Smith ’14 Creates Online Community for Amputees, Families

Amber Smith '14 recently received a 2013 Ella T. Grasso Leadership in Action Grant to start up her social enterprise, "I AMputee."

Amber Smith ’14 recently received a 2013 Ella T. Grasso Leadership in Action Grant to start up her social enterprise, “I AMputee.”

Amber Smith ’14 understands the importance of having connections with others who understand the hardships faced as an amputee. Smith, an African American studies major, was born with an upper extremity amputation of her left forearm.

On Nov. 6, Smith received a 2013 Ella T. Grasso Leadership in Action Grant from the Connecticut Women’s Hall of Fame. The award will serve as seed money for starting up her social enterprise, “I AMputee,” an online community designed for amputees and their families to connect with those of similar circumstances in an effort to create positive, reciprocal relationships grounded in common experience. I AMputee’s slogan is “I AM Human. I AM Inspired. I AMputee.”

“Because of my life experiences, I understand that while there are some amazing organizations geared toward amputee support, there isn’t quite something out there like what I want to create. I’m interested in starting an accessible community that will inspire a movement; a new way of thinking about amputees,” she said.

Smith’s parents didn’t know of her forearm amputation until she was born. They were connected with another couple in a similar situation through a penpal program, among a variety of other resources, through the Shriners Hospital.

Amber Smith '14 met Edward “Ted” Kennedy Jr. ’83 during the Connecticut Women's Hall of Fame meeting Nov. 6. Smith said Kennedy "is one of I AMputee's biggest supporters."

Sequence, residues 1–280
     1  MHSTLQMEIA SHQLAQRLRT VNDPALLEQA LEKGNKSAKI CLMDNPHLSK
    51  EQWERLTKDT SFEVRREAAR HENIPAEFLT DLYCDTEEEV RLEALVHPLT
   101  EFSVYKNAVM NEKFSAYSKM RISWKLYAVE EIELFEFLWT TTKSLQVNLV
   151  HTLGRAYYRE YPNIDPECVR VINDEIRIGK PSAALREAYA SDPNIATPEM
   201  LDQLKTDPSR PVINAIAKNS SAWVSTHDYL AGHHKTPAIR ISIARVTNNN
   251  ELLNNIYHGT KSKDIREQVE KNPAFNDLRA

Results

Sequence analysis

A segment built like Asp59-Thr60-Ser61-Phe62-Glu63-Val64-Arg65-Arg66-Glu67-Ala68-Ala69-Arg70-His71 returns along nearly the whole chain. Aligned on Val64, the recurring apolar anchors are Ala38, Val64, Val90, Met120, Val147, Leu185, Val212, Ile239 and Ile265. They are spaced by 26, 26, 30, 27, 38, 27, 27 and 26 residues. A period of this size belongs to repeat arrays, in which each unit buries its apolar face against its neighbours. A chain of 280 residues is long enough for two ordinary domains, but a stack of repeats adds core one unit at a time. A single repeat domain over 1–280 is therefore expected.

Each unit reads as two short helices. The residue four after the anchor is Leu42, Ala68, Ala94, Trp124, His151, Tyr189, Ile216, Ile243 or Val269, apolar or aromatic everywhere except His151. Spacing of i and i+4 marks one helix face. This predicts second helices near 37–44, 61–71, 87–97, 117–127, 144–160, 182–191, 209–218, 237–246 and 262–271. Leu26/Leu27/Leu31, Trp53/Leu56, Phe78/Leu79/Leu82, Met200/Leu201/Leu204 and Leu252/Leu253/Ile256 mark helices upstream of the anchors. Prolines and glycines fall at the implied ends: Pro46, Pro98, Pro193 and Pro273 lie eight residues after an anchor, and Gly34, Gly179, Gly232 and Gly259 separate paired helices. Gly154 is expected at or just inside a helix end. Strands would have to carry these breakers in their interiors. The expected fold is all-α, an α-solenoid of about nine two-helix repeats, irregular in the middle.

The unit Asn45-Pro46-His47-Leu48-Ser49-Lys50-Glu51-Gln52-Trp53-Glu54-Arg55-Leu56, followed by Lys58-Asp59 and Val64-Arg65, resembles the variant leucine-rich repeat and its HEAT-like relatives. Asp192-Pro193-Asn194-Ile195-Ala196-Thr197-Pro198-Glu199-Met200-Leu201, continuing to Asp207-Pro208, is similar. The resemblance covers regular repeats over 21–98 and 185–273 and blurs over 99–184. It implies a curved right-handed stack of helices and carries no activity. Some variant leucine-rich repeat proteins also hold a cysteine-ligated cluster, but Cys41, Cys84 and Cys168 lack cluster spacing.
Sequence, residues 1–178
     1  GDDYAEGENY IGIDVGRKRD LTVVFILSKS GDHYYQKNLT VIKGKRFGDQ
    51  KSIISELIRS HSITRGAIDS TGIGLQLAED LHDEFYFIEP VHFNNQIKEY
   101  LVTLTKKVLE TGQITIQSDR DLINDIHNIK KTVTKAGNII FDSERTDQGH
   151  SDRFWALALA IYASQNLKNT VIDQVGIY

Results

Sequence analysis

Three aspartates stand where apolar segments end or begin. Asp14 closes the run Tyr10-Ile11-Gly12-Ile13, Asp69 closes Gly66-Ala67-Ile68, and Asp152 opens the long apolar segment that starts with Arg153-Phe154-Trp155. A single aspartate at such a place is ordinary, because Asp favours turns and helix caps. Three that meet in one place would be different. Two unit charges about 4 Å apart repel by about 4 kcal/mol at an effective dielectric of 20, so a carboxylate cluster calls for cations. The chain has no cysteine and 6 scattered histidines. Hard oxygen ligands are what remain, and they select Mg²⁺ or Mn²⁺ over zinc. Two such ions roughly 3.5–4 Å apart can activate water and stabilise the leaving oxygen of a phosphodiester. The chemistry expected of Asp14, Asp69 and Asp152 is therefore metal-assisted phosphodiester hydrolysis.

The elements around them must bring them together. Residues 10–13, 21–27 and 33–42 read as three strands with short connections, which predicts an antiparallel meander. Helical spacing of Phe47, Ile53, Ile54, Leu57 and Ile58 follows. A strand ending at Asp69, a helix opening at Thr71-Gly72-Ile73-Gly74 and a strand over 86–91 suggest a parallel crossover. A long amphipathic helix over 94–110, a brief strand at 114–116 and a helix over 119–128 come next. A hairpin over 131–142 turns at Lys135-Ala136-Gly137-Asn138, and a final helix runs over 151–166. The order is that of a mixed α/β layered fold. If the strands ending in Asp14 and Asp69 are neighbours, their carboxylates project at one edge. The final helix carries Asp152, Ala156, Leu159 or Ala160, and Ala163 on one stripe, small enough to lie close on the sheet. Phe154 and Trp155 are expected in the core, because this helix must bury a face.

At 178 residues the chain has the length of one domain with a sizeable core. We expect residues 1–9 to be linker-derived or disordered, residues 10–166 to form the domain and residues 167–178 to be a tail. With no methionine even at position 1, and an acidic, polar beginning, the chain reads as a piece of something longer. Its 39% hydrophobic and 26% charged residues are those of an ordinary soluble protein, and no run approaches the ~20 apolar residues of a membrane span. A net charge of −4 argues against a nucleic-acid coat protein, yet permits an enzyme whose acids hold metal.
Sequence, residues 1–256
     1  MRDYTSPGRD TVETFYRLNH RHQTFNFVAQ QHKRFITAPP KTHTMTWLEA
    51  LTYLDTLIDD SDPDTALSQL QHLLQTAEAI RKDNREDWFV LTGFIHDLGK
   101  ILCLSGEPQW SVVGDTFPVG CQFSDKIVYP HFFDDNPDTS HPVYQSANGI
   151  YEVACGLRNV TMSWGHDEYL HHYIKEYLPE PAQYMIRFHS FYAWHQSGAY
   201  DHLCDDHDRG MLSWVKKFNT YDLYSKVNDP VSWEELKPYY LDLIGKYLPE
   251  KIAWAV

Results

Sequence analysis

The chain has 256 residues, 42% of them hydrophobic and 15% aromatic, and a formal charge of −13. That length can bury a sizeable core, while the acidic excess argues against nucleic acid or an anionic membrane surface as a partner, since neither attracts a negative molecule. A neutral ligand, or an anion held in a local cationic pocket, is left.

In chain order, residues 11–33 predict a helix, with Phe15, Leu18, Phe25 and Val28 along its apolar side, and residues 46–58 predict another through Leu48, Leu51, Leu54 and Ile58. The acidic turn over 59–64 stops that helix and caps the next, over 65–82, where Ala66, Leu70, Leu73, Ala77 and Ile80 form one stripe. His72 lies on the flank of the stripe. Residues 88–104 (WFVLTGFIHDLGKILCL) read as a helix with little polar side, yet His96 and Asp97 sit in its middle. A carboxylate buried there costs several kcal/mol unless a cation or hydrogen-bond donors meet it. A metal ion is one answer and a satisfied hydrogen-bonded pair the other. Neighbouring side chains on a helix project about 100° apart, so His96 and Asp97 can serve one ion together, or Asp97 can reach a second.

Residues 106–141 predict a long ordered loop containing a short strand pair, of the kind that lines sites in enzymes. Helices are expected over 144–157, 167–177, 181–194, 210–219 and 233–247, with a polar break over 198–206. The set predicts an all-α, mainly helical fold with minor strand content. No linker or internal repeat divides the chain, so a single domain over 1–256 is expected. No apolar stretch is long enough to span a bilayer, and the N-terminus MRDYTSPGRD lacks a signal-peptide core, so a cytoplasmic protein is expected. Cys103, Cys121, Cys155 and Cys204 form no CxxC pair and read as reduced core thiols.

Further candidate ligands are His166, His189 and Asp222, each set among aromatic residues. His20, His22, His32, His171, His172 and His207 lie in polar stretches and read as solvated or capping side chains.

Amber Smith ’14 met Edward “Ted” Kennedy Jr. ’83 during the Connecticut Women’s Hall of Fame meeting Nov. 6. Smith said Kennedy “is one of I AMputee’s biggest supporters.”

Smith hopes that I AMputee will evolve into an internet trading and social network where amputees across the world can pair together to purchase and/or exchange gloves and shoes, split the cost in half, and give new meaning to an unattended item.

In the grant application, Smith included a detailed timeline and budget. In receiving this grant, she’s gained much needed financial support and created the structure needed to start making progress and maintain momentum in building her project for the upcoming year.

During the Nov. 6 ceremony, the Connecticut Women’s Hall of Fame honored Smith for “her outstanding project proposal and her commitment to providing assistant to amputees at home and abroad.”

“I want I AMputee to help us redefine our collective and individual identities,” she said. “I also believe it will help restore pride and humanity to a group of people who are often labeled in ways that strips them of such.”

Learn more about I AMputee on this Facebook site.

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